Counselor's Corner

North Merrick School District - Spring 2023

Mrs. Jackie Sekunda

School Counselor

What's Going on in Guidance

We have been focusing on the areas of relationship skills and responsible decision-making. Lessons in kindergarten and grade two have just wrapped up and grades three to six are beginning. The main topics of the classroom lessons were friendship skills, being a good sport, peaceful problem solving, and goal setting. Students learned different strategies for solving problems with peers and role played using I-Messages with classmates.

Peaceful Problem Solving

Students learned several different techniques for solving conflicts with peers. In particular, I-Statements are a technique from Restorative Practices that allow both adults and children to share their feelings and needs, while those around them develop empathy.

I-Statements can be incredibly helpful in both developing and repairing relationships.

First grade students were also introduced to Kelso's Choice Wheel and practiced different situations and ways to solve problems.

Additional resources on how to use I-Statements at home:

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Being a Good Sport

Developing good sportsmanship does more than show kids how to behave politely during and after a game. Sportsmanship impacts how children interact on and off the field. Good sportsmanship builds teamwork and character and teaches respect, honor, discipline, kindness, inclusion, resilience, perseverance, and more.

The benefits of good sportsmanship are many. When kids enjoy active play, they look forward to sports and exercise as a chance to make new friends and develop new skills. Good sportsmanship encourages everyone to do their best, boosts confidence, demonstrates the rewards of hard work, and fosters goal setting and collaboration.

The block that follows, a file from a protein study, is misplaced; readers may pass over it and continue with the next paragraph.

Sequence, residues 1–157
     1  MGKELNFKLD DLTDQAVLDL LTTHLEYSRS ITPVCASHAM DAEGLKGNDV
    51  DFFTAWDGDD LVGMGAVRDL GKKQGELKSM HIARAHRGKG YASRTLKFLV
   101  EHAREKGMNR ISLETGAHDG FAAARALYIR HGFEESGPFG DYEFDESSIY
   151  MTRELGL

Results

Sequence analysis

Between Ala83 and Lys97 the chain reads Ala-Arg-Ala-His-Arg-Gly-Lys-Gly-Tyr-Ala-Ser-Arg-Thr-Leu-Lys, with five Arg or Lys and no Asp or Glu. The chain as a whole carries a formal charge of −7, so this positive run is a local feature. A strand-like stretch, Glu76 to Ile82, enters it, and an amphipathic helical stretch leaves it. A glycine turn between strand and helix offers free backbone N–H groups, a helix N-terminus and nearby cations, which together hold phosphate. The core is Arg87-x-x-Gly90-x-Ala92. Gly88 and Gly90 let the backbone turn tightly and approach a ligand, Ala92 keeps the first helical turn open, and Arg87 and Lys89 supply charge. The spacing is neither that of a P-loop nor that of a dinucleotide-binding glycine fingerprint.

Key qualities children learn through good sportsmanship include:

1. teamwork and cooperation,

2. grit, and

3. dealing with winning and losing graciously.

How Can You Work on Being a Good Sport at Home?

As a family, play some favorite games and practice modeling good sportsmanship. If you fall behind in a game, say something like "That's disappointing that I missed my turn, so I'll take a deep breath. I'm still having so much fun playing with you." Then point out when your child shows qualities of good sportsmanship.

Some quick games to try this with include:

  • Tic Tac Toe
  • Charades
  • Don't Break the Ice

Additional Resource:

Goal Setting and a Growth Mindset

Kindergarten students learned what it means to have a growth mindset, while students in grades one through three worked on making personal short-term goals.

Goal setting is a meta-skill that contains three sub-skills for self-management:

1. prioritization,

2. time management, and

3. progress tracking.

These fundamental skills will not only serve to improve academic performance but also help students excel outside of school.

As students strive to reach a big goal, the upcoming challenges will distill and cultivate their abilities to execute a plan. As the goals become more complex and difficult, students become more capable and efficient.

During explicit teaching of growth mindset lessons , students learn that our abilities are not fixed, that our brains are malleable, and can grow with determination and learning. When students understand that their intelligence is not limited, goal setting is the pathway to success!

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Mindfulness at Home

With the spring weather, it is a great opportunity to practice mindfulness outdoors.

Mindfulness can help us feel calm, focused and in control.

Some outdoor mindfulness activities include:

  • play I-Spy
  • go on an outdoor scavenger hunt
  • color with sidewalk chalk
  • stack rocks
  • gardening
  • watch the clouds
  • blow bubbles

"Spending more time outside connects us with nature, but also with ourselves."

Scavenger Hunt: